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  • Freddy Ramirez

These Videos Are Not Really Helping.

Taking videos like this, in this time of social growth, is supposed to help grow our sport. As things are, they don't. Sure, when we share a video, our connections (some) get to share in what we are seeing and doing. At larger events, like the US Open, our feeds blow up all at the same time with most posts looking very similar to one another. And if you're into racquetball, you'll know what's going on. Very rarely are you inspired to share one of these clips.

Yet, with all the attention, at the end of the day it doesn't do anything to address growth. It can even be argued that our complacency is only passing over the keys to accessing growth to the social platforms. Their advertisers have no idea they are reaching racquetball enthusiasts, because their money goes straight to the social platforms we are so heavily reliant on. There is no incentive to know who we are as an individual group. We aren't driving racquetball players in any direction ourselves and allowing these networks to lump us in with other "related" groups. Someone else is profiting on our little videos.

We need professional video. Those with the keys to the inspiration need to task for that inspiration and sacrifice resources up front or develop the right partnerships with that as the goal. For the pro tours, there is a need to create engaging story lines. Yes, its sport, but the phone - social media thing works best for pro tours when its used by players to post comments about their games and match-ups and get real about what they think about the players they are playing. But then fans have to have something to watch. Yes, we have streaming. We even have recent videos of matches played at the last tour stop. But if that is our product, we will remain a dying sport because as is, it is not inspiring. The few new players that find racquetball will most likely be those introduced to the game by their parents. And when they get older, will most likely fall off to some degree. Where is the inpiration?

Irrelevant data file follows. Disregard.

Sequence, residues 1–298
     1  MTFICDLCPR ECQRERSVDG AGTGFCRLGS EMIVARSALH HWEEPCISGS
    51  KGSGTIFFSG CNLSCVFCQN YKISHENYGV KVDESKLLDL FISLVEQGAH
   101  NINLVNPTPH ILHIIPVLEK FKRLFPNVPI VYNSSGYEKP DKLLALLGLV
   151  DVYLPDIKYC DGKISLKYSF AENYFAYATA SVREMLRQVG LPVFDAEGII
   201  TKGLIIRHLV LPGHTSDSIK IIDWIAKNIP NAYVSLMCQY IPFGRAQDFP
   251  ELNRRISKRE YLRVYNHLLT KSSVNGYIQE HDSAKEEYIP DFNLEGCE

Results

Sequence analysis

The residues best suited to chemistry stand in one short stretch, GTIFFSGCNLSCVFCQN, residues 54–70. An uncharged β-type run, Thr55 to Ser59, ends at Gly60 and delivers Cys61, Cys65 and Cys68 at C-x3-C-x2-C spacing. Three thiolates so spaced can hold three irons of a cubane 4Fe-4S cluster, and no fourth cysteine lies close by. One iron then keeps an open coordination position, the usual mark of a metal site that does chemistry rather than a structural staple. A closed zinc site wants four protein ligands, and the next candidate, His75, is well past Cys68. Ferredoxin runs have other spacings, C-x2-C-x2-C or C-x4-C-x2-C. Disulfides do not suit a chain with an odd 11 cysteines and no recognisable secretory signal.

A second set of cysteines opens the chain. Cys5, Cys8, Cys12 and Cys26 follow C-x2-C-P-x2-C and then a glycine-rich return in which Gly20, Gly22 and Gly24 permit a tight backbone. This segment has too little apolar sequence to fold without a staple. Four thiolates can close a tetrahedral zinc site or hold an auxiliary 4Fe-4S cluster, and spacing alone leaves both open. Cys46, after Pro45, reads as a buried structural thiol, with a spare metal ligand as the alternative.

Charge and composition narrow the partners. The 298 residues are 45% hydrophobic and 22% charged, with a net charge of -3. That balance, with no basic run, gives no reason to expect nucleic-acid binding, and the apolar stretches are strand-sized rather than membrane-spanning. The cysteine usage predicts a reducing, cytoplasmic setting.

I like that the each of the pro tours now make it easier to see recordings of their last matches. Though each are using a different platform to do it, they all still have the same problem.

The IRT Network's revamped site, though much easier to navigate than the previous version, seems to still be a work in progress. Though, for the time being, you don't even have to be logged in to view matches from this season. That is great, and maybe should be considered an alternative model to streaming.

One idea is that they refocuse the resources from trying to produce live streaming, to just grabbing high quality video of matches, then stipping the matches down to shorter yet detailed highlighted clips. Record them with high quality cameras, with time spent getting the clear images. Then go back and edit them, not having to deal with glitchy stream interuptions. Squash does this and is successful at not only drawing people but also, keeping them watching. (Without some drama to look for, I don't last long watching today's pro racquetball matches. Without cool angles, it's just watching two players trade shots mostly. And who wants to wait around for great rallies?)

Culturally, it's a short-sighted, engage me now society that has to be pushed to inspiration. Yea, I know it's about money. But we aren't even in the same stadium with those who are finding the money now. And with things in decline as they are, it's a matter of "what can we do?" Strip it down and start over... and aggregate and own our own data. Right now, some other parties own our numbers. Someone in the know told me, "I am afraid the numbers for 2013 and 2014 will show an accelerated tick downward for racquetball, once they come out. Would not be surprised to see squash and racquetball be the same size in US 8 years from now." So I have to ask, Who's making money from me watching?

Look, I spent more time watching this whole video than I did waiting for action on any recent racquetball video. (It inspired me to write this entry.) I was driven to interest in these matches because the two of the players in the second highlighted match were controversially exchanging tweets about each other They played yesterday and this was made available today. Listen to the crowd... and they didn't even have to tell them to cheer.

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